2
    sudo foremost -i /dev/sda -o /recovery
    vlan7 · 2010-08-19 22:27:41 5
  • Necessary for fsck for example. The remount functionality follows the standard way how the mount command works with options from fstab. It means the mount command doesn't read fstab (or mtab) only when a device and dir are fully specified. After this call all old mount options are replaced and arbitrary stuff from fstab is ignored, except the loop= option which is internally generated and maintained by the mount command. It does not change device or mount point.


    2
    mount -o remount,ro /dev/foo /
    vlan7 · 2010-10-30 03:51:53 5
  • `blkid` is an interface to libuuid - it can read Device Mapper, EVMS, LVM, MD, and regular block devices. -c /dev/null - Do not use cached output from /etc/blkid.tab or /etc/blkid/blkid.tab (RHEL) -i - Display I/O Limits (aka I/O topology) information (not available in RHEL) -p - Low-level superblock probing mode (not available in RHEL) Show Sample Output


    2
    blkid -c /dev/null
    mhs · 2012-09-12 13:34:41 4
  • lsblk | grep mountpoint Show Sample Output


    2
    lsblk | grep <mountpoint>
    totti · 2014-02-05 09:41:00 4
  • Use lsbk (list block) and jq (to manipulate a JSON on the command line) to display partition information: Show Sample Output


    2
    lsblk --json | jq -c '.blockdevices[]|[.name,.size]'
    mikhail · 2021-12-22 22:31:07 146

  • 1
    sfdisk -d /dev/sda | sfdisk /dev/sdb
    wincus · 2010-02-03 14:49:07 3
  • To get most of you HDD/SSD driver you need to make sure you partition are aligned, if not the speed penalty can be up to 50% slower! this simple one liner will check to see if each partition start sector is divided by 512 you need to change sda with your driver if you find the one of your partitions is not aligned use gparted to move the start sector of the partition to be divided of 512 Show Sample Output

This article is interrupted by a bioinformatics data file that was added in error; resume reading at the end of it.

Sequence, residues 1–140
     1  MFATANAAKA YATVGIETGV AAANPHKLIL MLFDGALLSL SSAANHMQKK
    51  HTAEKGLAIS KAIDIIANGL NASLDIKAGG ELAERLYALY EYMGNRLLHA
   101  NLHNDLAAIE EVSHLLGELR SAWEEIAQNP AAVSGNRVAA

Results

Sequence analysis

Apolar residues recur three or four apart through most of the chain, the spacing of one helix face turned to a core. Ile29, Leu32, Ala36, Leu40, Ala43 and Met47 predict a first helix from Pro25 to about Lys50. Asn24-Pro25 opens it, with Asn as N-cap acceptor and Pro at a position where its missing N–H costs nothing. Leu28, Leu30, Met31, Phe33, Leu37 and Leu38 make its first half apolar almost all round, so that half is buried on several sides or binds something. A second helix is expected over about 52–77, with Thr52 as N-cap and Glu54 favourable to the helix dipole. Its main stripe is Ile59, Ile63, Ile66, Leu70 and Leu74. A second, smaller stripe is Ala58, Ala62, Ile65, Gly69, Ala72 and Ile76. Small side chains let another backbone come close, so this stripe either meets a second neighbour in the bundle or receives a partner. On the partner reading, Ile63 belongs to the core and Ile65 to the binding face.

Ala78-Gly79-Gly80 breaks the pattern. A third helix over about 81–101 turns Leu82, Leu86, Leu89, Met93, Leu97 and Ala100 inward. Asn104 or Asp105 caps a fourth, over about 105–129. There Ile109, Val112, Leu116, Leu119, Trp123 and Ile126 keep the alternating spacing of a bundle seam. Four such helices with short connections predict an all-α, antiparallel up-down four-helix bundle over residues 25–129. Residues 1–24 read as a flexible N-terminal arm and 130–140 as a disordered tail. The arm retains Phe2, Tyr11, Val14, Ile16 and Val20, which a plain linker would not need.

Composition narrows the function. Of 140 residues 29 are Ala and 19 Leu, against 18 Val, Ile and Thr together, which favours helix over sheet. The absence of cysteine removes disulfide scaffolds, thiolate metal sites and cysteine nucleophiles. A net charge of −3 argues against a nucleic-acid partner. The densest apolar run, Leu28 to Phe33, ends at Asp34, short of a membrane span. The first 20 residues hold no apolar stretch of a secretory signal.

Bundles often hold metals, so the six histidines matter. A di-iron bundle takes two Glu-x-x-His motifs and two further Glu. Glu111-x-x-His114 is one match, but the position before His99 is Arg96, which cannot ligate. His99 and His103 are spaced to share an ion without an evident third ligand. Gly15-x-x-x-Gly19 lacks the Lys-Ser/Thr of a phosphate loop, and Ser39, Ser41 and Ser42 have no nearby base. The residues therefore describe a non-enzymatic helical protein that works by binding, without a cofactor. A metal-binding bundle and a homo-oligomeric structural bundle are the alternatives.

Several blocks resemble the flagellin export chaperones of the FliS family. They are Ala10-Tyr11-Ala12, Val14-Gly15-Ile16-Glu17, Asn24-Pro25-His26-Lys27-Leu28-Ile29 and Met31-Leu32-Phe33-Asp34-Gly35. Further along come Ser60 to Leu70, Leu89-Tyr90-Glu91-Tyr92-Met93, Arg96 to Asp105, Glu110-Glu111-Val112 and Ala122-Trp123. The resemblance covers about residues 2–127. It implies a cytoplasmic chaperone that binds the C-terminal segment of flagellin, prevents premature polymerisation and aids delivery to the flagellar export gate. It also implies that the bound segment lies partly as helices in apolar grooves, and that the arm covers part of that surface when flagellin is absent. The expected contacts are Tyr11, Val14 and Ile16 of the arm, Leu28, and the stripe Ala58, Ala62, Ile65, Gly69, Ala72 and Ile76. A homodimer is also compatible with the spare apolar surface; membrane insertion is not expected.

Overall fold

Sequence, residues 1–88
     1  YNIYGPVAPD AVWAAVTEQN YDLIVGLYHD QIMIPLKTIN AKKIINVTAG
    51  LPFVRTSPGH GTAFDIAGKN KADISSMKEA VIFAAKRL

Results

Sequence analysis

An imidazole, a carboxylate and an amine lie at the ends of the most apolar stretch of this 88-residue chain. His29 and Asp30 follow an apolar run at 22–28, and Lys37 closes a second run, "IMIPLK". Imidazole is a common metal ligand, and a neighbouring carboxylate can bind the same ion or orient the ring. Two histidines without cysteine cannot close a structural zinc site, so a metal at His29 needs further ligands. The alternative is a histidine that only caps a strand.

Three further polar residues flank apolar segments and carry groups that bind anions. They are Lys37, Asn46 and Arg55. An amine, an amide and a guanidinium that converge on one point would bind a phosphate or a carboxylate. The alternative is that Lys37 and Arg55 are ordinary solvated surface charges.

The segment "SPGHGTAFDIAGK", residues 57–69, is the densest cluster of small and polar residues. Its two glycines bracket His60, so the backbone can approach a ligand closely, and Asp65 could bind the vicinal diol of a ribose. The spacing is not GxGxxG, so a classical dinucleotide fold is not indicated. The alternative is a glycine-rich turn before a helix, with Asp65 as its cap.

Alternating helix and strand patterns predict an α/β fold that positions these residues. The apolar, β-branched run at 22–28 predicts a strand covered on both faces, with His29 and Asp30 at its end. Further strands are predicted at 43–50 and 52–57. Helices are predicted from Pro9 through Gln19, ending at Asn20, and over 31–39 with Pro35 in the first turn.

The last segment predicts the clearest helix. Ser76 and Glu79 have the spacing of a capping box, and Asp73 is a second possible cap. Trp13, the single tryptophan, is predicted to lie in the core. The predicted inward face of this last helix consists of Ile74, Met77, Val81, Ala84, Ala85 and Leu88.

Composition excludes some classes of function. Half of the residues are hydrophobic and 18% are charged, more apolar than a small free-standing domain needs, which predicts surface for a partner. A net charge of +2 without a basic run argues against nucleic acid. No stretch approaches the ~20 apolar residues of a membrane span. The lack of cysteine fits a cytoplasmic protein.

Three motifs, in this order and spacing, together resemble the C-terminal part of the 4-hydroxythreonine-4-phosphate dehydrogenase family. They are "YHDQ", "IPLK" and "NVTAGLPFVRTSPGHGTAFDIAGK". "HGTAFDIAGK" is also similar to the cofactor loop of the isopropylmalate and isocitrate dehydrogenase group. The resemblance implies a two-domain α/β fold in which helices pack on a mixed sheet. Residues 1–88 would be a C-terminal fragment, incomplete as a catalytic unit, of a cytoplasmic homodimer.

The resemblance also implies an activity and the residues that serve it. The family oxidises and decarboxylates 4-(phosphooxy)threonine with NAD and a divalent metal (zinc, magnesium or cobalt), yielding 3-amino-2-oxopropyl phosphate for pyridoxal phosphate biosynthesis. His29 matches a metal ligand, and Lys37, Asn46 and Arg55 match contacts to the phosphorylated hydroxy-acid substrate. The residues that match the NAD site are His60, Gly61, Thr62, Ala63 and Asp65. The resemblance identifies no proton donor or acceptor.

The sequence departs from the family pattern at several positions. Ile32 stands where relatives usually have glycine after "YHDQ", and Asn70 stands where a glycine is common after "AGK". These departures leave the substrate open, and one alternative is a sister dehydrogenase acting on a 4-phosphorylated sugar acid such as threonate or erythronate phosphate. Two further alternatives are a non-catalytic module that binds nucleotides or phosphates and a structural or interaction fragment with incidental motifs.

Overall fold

1
    fdisk -l /dev/sda | grep -E sda[0-9]+ | sed s/*// | awk '{printf ("%s %f ",$1,$2/512); if($2%512){ print "BAD" }else {print "Good"} }' | column -t
    The_IceMan_Blog · 2012-05-18 08:34:36 4
  • Show the UUID-based alternate device names of ZEVO-related partitions on Darwin/OS X. Adapted from the lines by dbrady at http://zevo.getgreenbytes.com/forum/viewtopic.php?p=700#p700 and following the disk device naming scheme at http://zevo.getgreenbytes.com/wiki/pmwiki.php?n=Site.DiskDeviceNames Show Sample Output


    1
    ls /dev/disk* | xargs -n 1 -t sudo zdb -l | grep GPTE_
    grahamperrin · 2012-10-06 20:19:45 3

  • 1
    mount -o sb=98304 /dev/sda5 /mnt/data5
    rugina · 2013-06-25 08:50:44 4
  • XX is your device partition number like /dev/sdc1 . to see how many inodes your partition have type: df --inodes (or df -i) Default formatting with ext4 would create small inode count for the new partition if you need big count of inodes is the fstype news the correct one. in debian you can see which fstype exists as template in: vim /etc/mke2fs.conf if you format default ext for a partition size with 1TB you would get 1 Million inodes (not enough for backupStorages) but if you format with fstype news you would get hunderd of millions of inodes for the partition. you have tune /etc/sysctl.conf also with following sysconfig parameters fs.file-max = XXX fs.nr_open = XXX where XXX is the count of max inodes for whole system